To Each (Hairstyle) His Own (Hair Product)

A practical guide to pastes, pomades, waxes, and all the other stuff you put in your hair. image

Caring for your hair is simple enough. All you need is shampoo and conditioner and—bam! Styling your hair, however, is an entirely different matter. From gluey pastes to stiff ’n’ slick waxes to velvety creams (not to mention hairsprays and gels, which are undergoing a bit of a renaissance), there is an overwhelming array of mane-related paraphernalia out there, enough to make you go numb in the grooming aisle of your local Walgreens.

All this while we’re living through a Golden Age of Men’s Hairstyles™: an era in which beachy waves and undone mops stand alongside foolproof coifs like the undercut—a development you can partly blame on actor Timothée Chalamet and his ridiculously tousled locks. This newfound embrace of varying styles requires varying types of products to corral them.

“Most guys have bad hair,” says celebrity stylist Christine Nelli, who handles the mops of men like Justin Timberlake, the Weeknd, and Lakeith Stanfield. When it comes to product, “either they don’t do anything or they do too much. So many men go hardcore with gel. Or they think they don’t have time” and bypass product altogether. The result? That 1980s wet look (too much product) or unkempt fuzzy hair (no product at all).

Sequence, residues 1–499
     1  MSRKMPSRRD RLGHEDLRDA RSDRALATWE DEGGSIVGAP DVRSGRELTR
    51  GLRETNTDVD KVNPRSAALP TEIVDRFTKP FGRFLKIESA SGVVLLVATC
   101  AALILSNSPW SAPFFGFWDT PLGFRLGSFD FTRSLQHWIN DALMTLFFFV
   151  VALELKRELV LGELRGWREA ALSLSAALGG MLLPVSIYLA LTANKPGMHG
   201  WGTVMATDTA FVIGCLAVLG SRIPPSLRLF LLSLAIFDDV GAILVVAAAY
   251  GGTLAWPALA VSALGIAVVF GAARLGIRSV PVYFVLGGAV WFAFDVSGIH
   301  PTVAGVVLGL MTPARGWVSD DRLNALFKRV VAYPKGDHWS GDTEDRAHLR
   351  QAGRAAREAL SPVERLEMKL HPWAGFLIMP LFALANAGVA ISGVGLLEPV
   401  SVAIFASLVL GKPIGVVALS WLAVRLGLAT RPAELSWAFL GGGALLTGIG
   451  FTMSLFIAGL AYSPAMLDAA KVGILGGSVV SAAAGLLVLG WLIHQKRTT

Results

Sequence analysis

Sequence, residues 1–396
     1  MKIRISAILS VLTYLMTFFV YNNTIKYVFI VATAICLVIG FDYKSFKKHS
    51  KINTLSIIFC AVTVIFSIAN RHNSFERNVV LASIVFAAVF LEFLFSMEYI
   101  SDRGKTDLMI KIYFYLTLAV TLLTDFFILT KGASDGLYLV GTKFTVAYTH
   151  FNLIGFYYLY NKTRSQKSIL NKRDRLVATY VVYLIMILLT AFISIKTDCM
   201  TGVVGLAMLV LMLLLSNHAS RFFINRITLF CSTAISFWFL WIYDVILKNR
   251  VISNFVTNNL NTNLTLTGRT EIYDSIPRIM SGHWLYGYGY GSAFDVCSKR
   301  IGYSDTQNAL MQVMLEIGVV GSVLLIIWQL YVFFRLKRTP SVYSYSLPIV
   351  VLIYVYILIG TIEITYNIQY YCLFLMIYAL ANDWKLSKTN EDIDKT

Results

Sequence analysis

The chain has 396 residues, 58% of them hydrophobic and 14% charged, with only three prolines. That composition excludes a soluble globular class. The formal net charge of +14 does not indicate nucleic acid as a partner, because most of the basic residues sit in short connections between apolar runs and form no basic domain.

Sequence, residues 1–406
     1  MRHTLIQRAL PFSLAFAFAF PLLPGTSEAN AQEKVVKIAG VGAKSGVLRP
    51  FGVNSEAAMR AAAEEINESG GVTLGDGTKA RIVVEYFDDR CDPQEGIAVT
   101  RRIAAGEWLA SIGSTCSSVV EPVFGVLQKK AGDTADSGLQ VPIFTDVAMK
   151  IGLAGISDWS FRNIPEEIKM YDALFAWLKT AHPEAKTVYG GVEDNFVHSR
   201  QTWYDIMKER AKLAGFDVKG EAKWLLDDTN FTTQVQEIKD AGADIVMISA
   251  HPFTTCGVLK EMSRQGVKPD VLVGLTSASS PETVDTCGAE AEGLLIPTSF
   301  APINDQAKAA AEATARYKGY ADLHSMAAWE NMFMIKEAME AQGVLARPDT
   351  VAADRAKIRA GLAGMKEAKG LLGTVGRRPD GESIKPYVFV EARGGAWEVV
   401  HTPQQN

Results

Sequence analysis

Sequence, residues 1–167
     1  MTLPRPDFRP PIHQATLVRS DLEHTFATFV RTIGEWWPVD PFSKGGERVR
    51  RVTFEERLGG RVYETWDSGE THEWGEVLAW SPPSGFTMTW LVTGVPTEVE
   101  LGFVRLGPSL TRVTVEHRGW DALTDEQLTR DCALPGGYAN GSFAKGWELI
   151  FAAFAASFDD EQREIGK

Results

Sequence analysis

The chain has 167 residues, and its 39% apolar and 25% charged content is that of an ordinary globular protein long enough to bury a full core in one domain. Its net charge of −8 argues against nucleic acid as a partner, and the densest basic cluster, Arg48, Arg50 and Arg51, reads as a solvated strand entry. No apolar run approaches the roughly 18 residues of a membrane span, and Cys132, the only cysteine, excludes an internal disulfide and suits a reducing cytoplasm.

Hair is a gift, so what you put in it should work with, not against, what you’ve been given. “Embrace the texture of your hair,” says Mike Sposito, hairstylist and owner of the Brooklyn shop Sposito. If you have curly hair, don’t try to shellac it into a smooth and shiny pompadour. If you have fine hair, don’t weigh it down with heavy product.

While the longer, more natural look is becoming more popular, that doesn’t mean you should stop using product. “It’s longer hair with a purpose,” says Rodney Cutler of Cutler salons. “It’s not just disheveled bed head. There’s still a grooming element to it, a finish.”

So what should you finish it with?

“Think about what you want as your desired result,” Cutler says. “It’s about distributing the product evenly through your hair.” There’s no one-fit solution—the key is figuring out what complements your hair type and your particular hairstyle.

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